It all really depends on your method of attack really. I started by trolling comment sections in the early 2010's, but the introduction of livestreaming on YouTube has opened up entirely new avenues of messing with people.
In short, these are tips that have come from me having way
too much time on my hands.
First and foremost, you have to find a receptive streamer. Someone who engages with and reads the chat. If they are ignoring any attempts at trolling, move on and find someone else. A prime target is someone in the midst of raging at a game. Disrespectful children playing mature games while cussing everyone out are the best.
If you do decide to go after streamers playing games, make sure it is a game that they can still devote active time to reading the chat. Fast paced games like Call of Duty
may not be a good choice, but something a bit slower like NBA2k
Some streamers who play video games will also have open lobbies. In GTA, there is a virtual car show community (for some reason) with often peaceful lobbies. You could get in some greifing before getting kicked or be a more subtle nuisance, the choice is yours. Try getting into their party chat if you want your voice heard on stream (on PS4 you may have to opt into that option to have your voice broadcast.)
YouTube allows users to open multiple “brand accounts” on the same gmail, meaning one does not have to keep logging in and out to alternate accounts. 82 brand accounts seems to be the maximum allowed, although I theorize it could be 100 and this odd number on my end is because I’ve had some accounts banned.
I recommend having 2 tabs open side by side. One tab will be unchanging, and it will allow you to both record/watch the video and make sure your comments are posting. The other is so you can swap between accounts to avoid bans via mods and create banter between your own accounts. It helps to have the URL for account switching bookmarked.
For recording software I recommend OBS Studio.
YouTube seems to have implemented a word filter on its comments section some time ago.
Even though it seems users have to opt into this service, YouTube itself will still automatically filter out some things regardless. On your end it will appear that the comment was posted, but if you check back with a different account odds are it never even showed up. Particularly vulgar words are filtered out, however there are some work arounds for this. You can typically name your channel whatever you want, and the username in the comment section will not get filtered. However this is not the case for channel’s that have third party sub notifications turned on (more on this later.)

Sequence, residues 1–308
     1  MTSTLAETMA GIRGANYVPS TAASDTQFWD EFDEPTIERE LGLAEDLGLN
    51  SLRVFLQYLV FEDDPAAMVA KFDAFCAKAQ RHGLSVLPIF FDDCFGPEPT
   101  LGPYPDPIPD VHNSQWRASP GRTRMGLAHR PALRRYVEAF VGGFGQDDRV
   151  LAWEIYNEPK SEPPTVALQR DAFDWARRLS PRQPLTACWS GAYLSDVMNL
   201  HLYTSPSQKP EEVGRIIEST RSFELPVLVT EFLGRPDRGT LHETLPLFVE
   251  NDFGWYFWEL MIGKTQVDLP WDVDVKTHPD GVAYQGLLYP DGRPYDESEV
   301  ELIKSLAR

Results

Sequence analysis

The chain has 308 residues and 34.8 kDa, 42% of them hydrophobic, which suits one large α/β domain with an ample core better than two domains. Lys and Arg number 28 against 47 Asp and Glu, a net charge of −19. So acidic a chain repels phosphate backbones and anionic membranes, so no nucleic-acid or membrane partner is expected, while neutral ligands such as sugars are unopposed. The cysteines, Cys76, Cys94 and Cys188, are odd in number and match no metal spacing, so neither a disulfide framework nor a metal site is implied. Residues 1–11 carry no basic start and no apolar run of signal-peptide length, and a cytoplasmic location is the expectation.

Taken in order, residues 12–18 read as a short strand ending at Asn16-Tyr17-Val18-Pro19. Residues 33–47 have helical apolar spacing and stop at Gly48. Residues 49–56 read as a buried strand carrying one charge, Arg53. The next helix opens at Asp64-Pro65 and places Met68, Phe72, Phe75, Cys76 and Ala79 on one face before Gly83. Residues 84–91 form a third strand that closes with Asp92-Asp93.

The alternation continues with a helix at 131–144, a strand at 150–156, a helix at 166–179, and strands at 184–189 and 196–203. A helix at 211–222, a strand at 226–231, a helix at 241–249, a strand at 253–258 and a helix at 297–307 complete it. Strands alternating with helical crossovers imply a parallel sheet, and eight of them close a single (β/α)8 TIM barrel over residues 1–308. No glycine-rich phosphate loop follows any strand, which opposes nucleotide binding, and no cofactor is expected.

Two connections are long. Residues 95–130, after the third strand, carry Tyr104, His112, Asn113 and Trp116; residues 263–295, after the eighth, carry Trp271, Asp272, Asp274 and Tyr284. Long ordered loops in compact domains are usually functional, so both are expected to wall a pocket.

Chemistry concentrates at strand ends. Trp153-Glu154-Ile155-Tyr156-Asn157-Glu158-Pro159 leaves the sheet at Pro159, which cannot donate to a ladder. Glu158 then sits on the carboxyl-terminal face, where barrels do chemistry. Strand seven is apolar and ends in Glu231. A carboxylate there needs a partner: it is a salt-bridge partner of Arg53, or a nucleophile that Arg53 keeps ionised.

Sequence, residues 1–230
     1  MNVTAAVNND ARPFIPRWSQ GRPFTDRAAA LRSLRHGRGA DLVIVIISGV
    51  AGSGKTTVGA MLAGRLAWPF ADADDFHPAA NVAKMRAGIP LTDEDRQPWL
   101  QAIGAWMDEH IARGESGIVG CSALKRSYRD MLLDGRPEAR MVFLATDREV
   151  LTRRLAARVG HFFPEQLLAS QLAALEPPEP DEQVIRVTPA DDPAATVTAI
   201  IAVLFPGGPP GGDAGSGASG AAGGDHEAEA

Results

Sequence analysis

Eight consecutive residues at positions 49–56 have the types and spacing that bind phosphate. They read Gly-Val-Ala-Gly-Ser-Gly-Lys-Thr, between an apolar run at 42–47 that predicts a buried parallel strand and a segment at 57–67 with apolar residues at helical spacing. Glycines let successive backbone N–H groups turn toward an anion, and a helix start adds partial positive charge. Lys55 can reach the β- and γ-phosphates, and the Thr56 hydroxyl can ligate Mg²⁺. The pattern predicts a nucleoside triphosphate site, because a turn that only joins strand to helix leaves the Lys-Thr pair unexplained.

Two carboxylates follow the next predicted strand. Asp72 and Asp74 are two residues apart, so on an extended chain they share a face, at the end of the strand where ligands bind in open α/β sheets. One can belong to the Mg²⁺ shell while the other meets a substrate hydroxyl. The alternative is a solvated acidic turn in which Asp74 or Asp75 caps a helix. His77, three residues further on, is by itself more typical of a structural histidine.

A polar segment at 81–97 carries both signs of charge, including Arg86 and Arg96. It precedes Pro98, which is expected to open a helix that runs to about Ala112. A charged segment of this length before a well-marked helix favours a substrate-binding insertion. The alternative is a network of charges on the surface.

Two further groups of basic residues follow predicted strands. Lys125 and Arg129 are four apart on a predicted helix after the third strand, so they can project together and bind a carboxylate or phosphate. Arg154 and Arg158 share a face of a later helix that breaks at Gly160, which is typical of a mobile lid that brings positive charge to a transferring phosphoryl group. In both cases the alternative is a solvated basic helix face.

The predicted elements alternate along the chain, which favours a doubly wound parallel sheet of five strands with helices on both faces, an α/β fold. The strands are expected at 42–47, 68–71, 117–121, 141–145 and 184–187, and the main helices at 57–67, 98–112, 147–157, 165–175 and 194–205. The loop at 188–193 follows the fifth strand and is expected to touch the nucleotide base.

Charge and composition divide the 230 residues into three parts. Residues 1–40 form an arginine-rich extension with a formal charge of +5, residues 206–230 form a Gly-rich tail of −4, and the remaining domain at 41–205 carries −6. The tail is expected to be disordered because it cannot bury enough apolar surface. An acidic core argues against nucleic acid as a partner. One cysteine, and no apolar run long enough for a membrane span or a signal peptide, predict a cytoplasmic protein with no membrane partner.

Abusing Bots and Streamer Layouts
A quality live stream for trolling is one that has bots that can perform functions. Often times they will do automated song requests that play in the background. You can either go the route of faking them out with Ram Ranch, or request baffling songs that could pass as genuine requests, my go to’s are a trap remix of the Flint Stones theme, Jean Jacquese Perry’s “Chicken on the Rocks,” or the ER theme song.
As mentioned briefly, some of these bots will have sub notifications, where the username of the subscriber displays on screen or is read aloud but a text to speech program. These are filtered as well, so even if you can get away with your raunchy username showing up in the chat, the sub notification will simply read “anonymous.” I might look into this further to see what terms specifically get filtered. These systems seem to detect 1337 speech as well.
If the stream has a chatbox present in the video, you can throw them off by simply spamming symbols, zalgo, and other such nonsense too. But sometimes it will get filtered.
This is where you can be creative and do whatever. I’ll share a few tactics I’ve had success with.
Sometimes I will play “characters” in the chat. In one instance I had a group of accounts banter about how the livestreamer promised he would stop playing games and turn on a Tyler Perry movie for everyone to watch, even though he did no such thing. This leads to a lot of confusion on their end and can make for some good reactions.
Another character I would play is this schizophrenic guy who would warn livestreamers about an alien race, then he would leave the chat saying “oh shit they’re here,” and then I would proceed to bomb the chat with alien accounts posting unusual symbols.
Ignorance is bliss, if you pretend to be an 8 year old and act goofy you can typically get away with bizarre song requests and asking a series of blatantly stupid or nonsensical questions. Whenever I see someone playing a PS4 exclusive, I just keep asking them if it is coming out on the Wii U, and when it is coming out. Then I move into just bragging about how the Wii U is the best console.